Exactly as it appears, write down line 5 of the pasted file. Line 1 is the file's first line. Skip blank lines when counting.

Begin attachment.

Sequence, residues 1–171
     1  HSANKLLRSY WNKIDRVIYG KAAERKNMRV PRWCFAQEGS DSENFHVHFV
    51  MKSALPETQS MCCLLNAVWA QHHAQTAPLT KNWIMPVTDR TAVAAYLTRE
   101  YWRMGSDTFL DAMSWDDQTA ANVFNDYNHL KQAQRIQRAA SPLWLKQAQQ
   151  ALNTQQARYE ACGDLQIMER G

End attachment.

   151  ALNTQQARYE ACGDLQIMER G